Part 3 in an ongoing series on the mobile platform & privacy

By Janet Jaiswal
Director of Enterprise BU


Screenshot of Facebook’s iPhone app

There is very little doubt in anyone’s mind that the iPhone has revolutionized the mobile industry and has forced the hands of everyone – from handset manufacturers and carriers to application developers – to be more creative and innovative in order to stay in the game. Another advantage Apple has is that it requires its developers to follow its human interface guidelines. These guidelines help mobile apps conform to good design principles. These design principles are so popular that more and more mobile apps and mobile web developers are following these guidelines regardless of whether they are on the Apple store, which contributes to the continuing appeal of the mobile device.

Tasks performed on mobile devices tend to be tactical in nature. Your users have a very specific need and they want to accomplish their goal in the easiest and fastest way possible. Best user interface design principles include:

  • Compact screen size requires a minimal feature set optimized for common use cases
  • Fonts and font sizes are used to show hierarchy and importance
  • The ability to only see one screen at a time means features must be progressively displayed
  • Large buttons are used to make interactions actionable
  • The commonality of the mobile form factor means users expect adherence to mobile design conventions – interactions should be conventional and consistent
  • Limited content real estate means help text creates unnecessary clutter – the interface should be simple and intuitive so that the user needs little instruction

The Worldwide Web Consortium (W3C)’s Mobile Web Initiative has created mobile web best practices to help companies follow best practices for delivering web content to mobile devices. These guidelines are just a start. You need to do more if you want your mobile app and/or website to continue to attract engaged users.

What can a company do when a user is presented with dozens, if not hundreds of similar, competing mobile applications? How can a company help a mobile app user feel comfortable sharing their location information with the app? How can you help users trust mobile forms that require them to share information such as their name, password, email or physical address? How can you help users trust mobile platforms linked to their financial accounts?

A study by TNS Global Market Research of more than 1,000 users in December 2009 revealed that more than 75% of users look for the presence of a privacy policy when giving personal information on a website. By following good mobile privacy policy design principles, you help your users feel more comfortable sharing their information on your mobile website or application.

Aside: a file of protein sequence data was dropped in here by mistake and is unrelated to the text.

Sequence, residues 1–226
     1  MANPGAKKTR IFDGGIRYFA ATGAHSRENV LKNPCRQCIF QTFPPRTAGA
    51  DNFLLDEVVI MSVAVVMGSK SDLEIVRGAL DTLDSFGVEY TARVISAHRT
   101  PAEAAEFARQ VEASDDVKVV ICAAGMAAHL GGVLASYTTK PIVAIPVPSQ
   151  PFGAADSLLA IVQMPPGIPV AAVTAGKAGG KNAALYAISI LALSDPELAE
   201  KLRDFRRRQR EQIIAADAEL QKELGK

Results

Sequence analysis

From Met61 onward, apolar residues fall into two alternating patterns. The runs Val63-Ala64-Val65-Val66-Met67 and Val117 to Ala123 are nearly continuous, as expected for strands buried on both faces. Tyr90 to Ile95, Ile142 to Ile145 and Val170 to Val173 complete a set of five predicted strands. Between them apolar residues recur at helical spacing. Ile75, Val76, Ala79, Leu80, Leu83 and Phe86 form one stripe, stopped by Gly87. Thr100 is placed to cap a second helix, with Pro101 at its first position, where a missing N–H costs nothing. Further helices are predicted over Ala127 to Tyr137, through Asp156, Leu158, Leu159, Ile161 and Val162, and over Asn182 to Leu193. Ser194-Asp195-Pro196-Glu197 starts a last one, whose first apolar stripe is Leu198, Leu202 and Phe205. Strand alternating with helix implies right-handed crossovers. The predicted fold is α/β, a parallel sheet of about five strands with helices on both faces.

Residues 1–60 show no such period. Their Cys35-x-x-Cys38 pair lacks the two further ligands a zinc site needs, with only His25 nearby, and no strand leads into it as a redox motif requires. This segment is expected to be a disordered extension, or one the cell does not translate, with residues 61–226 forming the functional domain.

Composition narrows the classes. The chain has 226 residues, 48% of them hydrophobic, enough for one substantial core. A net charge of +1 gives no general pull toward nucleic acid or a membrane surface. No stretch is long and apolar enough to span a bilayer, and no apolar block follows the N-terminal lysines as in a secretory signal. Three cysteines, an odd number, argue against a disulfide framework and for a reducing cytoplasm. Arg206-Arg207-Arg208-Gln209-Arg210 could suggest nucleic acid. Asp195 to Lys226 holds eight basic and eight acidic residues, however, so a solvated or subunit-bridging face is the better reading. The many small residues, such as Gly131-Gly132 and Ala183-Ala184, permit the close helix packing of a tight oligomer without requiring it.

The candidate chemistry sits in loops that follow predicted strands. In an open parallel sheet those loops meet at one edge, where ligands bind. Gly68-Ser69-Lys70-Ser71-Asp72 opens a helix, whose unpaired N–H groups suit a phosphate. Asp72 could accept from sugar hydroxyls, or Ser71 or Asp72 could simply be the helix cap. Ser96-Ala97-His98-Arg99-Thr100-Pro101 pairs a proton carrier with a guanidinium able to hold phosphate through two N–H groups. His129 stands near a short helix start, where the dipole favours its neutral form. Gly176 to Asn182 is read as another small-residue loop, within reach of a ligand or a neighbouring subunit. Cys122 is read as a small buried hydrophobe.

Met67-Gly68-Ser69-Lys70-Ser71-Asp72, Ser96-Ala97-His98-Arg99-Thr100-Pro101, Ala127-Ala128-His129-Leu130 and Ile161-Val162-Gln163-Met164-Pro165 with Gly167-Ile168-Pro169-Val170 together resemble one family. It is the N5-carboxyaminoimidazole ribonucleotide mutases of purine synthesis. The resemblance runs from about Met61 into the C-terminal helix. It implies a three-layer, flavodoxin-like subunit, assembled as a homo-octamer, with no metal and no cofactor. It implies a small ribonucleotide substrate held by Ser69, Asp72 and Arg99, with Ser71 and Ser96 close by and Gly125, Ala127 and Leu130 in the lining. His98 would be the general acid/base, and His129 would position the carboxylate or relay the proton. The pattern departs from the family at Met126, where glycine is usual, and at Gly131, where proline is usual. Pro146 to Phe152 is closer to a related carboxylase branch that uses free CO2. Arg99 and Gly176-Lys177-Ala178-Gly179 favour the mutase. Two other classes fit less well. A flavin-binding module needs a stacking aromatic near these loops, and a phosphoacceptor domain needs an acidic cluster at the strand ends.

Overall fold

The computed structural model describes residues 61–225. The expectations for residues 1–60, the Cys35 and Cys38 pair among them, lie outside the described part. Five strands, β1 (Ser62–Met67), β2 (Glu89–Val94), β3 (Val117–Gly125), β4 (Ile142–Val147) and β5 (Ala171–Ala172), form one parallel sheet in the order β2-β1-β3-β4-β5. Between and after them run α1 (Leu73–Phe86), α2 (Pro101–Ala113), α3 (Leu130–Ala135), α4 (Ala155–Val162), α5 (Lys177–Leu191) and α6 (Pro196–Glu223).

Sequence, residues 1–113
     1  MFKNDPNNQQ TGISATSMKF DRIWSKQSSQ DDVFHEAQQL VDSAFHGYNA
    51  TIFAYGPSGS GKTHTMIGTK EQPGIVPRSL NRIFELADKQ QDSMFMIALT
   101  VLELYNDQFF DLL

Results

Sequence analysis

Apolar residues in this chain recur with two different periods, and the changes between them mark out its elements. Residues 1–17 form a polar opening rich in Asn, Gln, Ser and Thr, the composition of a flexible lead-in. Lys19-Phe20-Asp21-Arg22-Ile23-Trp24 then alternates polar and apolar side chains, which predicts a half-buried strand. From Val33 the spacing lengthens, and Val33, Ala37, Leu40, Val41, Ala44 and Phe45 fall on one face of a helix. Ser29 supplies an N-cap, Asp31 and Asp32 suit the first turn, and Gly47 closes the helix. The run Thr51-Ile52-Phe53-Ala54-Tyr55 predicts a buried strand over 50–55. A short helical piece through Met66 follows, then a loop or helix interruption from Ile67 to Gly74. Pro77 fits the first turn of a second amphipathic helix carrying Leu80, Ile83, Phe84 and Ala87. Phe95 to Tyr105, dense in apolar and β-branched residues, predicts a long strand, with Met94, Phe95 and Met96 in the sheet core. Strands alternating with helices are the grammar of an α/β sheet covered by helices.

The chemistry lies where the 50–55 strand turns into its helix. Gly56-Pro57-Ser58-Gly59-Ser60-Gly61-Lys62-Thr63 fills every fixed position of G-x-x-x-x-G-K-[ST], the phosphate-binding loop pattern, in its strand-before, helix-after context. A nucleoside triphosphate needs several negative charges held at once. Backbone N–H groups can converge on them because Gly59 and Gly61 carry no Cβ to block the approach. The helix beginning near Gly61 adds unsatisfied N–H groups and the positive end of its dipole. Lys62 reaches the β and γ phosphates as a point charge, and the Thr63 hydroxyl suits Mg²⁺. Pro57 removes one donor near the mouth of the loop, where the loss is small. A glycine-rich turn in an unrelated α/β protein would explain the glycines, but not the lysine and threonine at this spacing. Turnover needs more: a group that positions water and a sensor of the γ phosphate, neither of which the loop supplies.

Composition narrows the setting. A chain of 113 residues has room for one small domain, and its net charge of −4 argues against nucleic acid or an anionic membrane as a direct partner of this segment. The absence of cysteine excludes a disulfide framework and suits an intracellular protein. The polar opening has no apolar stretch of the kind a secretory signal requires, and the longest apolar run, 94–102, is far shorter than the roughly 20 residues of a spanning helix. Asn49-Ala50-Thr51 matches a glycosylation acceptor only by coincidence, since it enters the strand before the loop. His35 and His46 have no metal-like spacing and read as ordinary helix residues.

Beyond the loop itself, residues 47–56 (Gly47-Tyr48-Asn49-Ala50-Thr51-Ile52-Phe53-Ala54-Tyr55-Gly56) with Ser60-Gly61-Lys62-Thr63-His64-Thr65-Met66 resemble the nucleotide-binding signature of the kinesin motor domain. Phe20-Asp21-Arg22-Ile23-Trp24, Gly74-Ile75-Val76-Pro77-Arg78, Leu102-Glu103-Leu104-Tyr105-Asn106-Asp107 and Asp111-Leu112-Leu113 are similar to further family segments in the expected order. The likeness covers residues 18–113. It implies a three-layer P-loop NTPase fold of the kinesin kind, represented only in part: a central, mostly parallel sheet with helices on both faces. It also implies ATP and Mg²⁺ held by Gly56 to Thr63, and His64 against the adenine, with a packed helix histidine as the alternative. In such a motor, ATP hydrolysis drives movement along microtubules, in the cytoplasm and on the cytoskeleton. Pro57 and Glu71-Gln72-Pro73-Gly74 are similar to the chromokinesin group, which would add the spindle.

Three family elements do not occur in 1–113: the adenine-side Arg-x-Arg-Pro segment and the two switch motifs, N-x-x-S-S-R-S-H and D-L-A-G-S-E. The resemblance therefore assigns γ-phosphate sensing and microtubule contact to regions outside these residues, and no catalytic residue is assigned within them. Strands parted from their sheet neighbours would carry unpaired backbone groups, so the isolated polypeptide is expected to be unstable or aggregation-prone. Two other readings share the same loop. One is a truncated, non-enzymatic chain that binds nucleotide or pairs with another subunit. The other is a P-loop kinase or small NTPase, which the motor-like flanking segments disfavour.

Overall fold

Design principles can be applied by anticipating user reaction to each step they perform when interacting with your website or mobile app. Ensure that each step in the process is easy, intuitive and works to alleviate any concern that may arise. For example, when a user first downloads an application such as Loopt, Foursquare or Gowalla, place a link to the Terms of Service (TOS) and privacy policy in a visible location so your users can quickly obtain answers to their question and move to the next step. The same applies for forms that require users to submit personal information.

The privacy policy and TOS are frequently overlooked by users because of their length or subject matter. However, the information contained in these documents can reassure users who may have questions or concerns so they feel more confident interacting with your app or mobile web site. The same best practice principle of progressively displaying features within the application or web can also be applied to these documents. By reducing the time a user has to spend reading and understanding the information in these documents, they are able to quickly get back to interacting with your app or continue the process of submitting their information and moving on to the next step. Note: not following these principles could mean that the user fails to complete the registration process out of fear, confusion or frustration.

Some helpful tips to consider:

  • Use icons for each major section to help users to quickly identify the key components of your privacy policy. The icons should be relevant to each component and not be selected for the sake of providing a graphical icon. Lastly, the icons should be large enough to make interactions easier on a small device.
  • Display content in a progressive manner to allow users to obtain answers to their questions more quickly. The first screen can contain a summary of the key components of your privacy policy. Often that summary is enough to satisfy a user’s concern or address their question.
  • If the user wants to view additional information, they should also be able to access the detailed, full length privacy policy through the summary page.

Once you incorporate these design principles into your app or website you should see greater form completion percentages, high levels of interaction and an increase in user trust. TRUSTe looks forward to sharing innovations we’ve pioneered in this area very shortly.


How you can apply good design principles to your apps or mobile website?

What other design principles do you use?


My next blog will discuss if and when a company needs a mobile app (in addition to a mobile website).


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